(Andrea Bernstein, Transportation Nation) Call it the return of the Secaucus 7. New York City Mayor Michael Bloomberg has finally put some muscle into his proposal to extend the number 7 subway train under the Hudson River to New Jersey, making it the first NYC subway train to go to another state. It would be a substitute for the NJ Transit commuter tunnel, known as the ARC, or Access to the Region's Core, that New Jersey Governor Chris Christie killed last fall.
This week, Mayor Bloomberg's Economic Development Corporation voted to put a quarter of a million dollars into a three-month feasibility study of the tunnel. The contract for the study goes to Parsons Brinckerhoff, a major engineering firm that had been working on the ARC tunnel.
The firm is tasked with assessing demand and cost -- which Mayor Bloomberg, without any engineering studies behind him -- has said would be roughly half that of the ARC tunnel.
The head of the MTA, Jay Walder, has been genial about the project, but the agency is already struggling to pay for capital costs for its current system, and this week learned it would be faced with another $100 million in cuts from the state budget. Bloomberg does not control the MTA -- NY Governor Andrew Cuomo does -- though Bloomberg does have representation on the MTA board.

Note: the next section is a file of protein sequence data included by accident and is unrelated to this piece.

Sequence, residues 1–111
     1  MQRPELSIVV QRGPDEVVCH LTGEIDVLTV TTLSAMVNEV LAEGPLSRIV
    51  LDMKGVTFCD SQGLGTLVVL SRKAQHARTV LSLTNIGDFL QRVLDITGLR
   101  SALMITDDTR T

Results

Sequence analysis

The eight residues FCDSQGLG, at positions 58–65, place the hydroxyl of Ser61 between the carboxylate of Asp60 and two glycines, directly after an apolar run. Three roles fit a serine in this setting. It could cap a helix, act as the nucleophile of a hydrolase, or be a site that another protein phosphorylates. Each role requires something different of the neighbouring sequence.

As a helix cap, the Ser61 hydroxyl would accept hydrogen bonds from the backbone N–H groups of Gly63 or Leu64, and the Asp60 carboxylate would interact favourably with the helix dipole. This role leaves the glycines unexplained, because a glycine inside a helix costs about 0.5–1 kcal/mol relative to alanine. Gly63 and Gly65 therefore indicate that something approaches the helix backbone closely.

When the city was pushing construction of a stadium on the West Side of Manhattan, Bloomberg succeed in gaining MTA approval for extension of the #7 train to the far West Side of Manhattan by promising to foot the $2 billion in construction costs. But that was during flusher times, when neither the MTA nor the city was broke.
It's unclear whether the federal government's investment of $3 billion, lost when the ARC tunnel died, could be applied towards this project, or whether the Port Authority of New York and New Jersey would contribute funds, as it did to the ARC.
Here's the EDC documentation on the contract: